Returning starter: Dan Vitale (So)
Others returning: Mark Szott (So), Jack Schwaba (RS Fr), Doug Diedrick (So)
Incoming recruits: Jayme Taylor
Depth Chart Projection
1. Dan Vitale
2. Mark Szott or Jack Schwaba
3. Doug Diedrick
Explaining the Depth Chart:
This depth chart doesn’t need a thorough explanation. Dan Vitale won the starting superback job out of preseason camp last season, and his development since has been remarkable to behold. From his early-weeks feel-out period, when Vitale was used almost exclusively as a blocker, to a nine-catch, 110-yard performance at Michigan State, Vitale evolved into one of Northwestern’s most reliable offensive weapons. The best part? He was just a true freshman.
Behind Vitale are two bigger yet less polished alternatives. Schwaba redshirted last season after a productive high school career at Upper St. Clair (Pittsburgh, Pennsylvania) while Szott saw some action on special teams and offense, almost all of it in nondescript reserve work. These two battled during spring practice, and when camp closed out for good last Saturday, I left feeling wholly convinced the Wildcats had a dead-even tie for the backup superback spot, which explains the arrangement you see above. Diedrick had some bright spots during spring camp, but unless things change between now and the end of summer workouts, it looks like he’ll enter the season as a lower-depth chart last resort.
Stock up: Dan Vitale
It’s not like Vitale entered camp needing to secure his position or anything like that. His 16 catches and 192 yards over the final three games were confirmation enough of Vitale’s impressive development. Spring practice was a continuation of last season’s positive trajectory – Vitale looks quicker, stronger and overall more comfortable with the unique demands of Northwestern’s unique position. It’s safe to say the Wildcats have a potential star at a position not entirely conducive to producing them. After a year gaining his footing and learning the ins and outs of one of the most physical conferences in the country, Vitale is ready for more in 2013.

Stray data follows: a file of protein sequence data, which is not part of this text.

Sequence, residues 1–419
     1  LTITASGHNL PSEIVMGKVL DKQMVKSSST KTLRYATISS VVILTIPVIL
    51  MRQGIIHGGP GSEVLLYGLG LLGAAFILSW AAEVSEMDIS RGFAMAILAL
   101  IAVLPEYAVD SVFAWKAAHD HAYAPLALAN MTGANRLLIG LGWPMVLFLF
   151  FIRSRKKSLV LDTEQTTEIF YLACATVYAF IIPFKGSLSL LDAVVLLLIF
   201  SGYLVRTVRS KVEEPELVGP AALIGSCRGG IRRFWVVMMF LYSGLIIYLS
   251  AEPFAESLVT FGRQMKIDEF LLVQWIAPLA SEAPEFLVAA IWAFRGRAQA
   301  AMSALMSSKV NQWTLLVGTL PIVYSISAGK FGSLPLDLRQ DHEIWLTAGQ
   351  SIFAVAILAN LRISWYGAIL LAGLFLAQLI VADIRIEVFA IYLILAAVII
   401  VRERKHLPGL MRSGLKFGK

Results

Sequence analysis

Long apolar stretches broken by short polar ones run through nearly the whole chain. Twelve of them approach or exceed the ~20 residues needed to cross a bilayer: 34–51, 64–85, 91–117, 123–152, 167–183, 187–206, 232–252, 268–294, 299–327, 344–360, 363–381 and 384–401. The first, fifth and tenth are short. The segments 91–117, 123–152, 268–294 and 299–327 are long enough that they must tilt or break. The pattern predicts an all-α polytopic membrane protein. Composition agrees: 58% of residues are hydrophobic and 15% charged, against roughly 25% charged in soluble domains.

Stock down: No one
There are four superbacks, and none of them noticeably regressed during spring workouts. If there’s one minor point of concern, it’s Szott, who entered the spring as the most obvious choice for the No. 2 spot on the depth chart. Szott didn’t necessarily relinquish that status this spring. It just felt, from my detached sideline perspective, that Schwaba was the more active and more dynamic on-field presence, and that he handled the various responsibilities of the position – blocking, catching, and so on – with fluidity and precision.
Szott was likewise impressive; it’s just that Schwaba is just now settling in with the first team after sitting out all of last season, and he already seems to be picking up the offense at a quicker rate than Szott ever did. The bottom line is neither player’s “stock” is pointing downward. Depth chart considerations will be fleshed out during summer workouts. Consider the above paragraph trifling banter intended to fill an otherwise irrelevant space.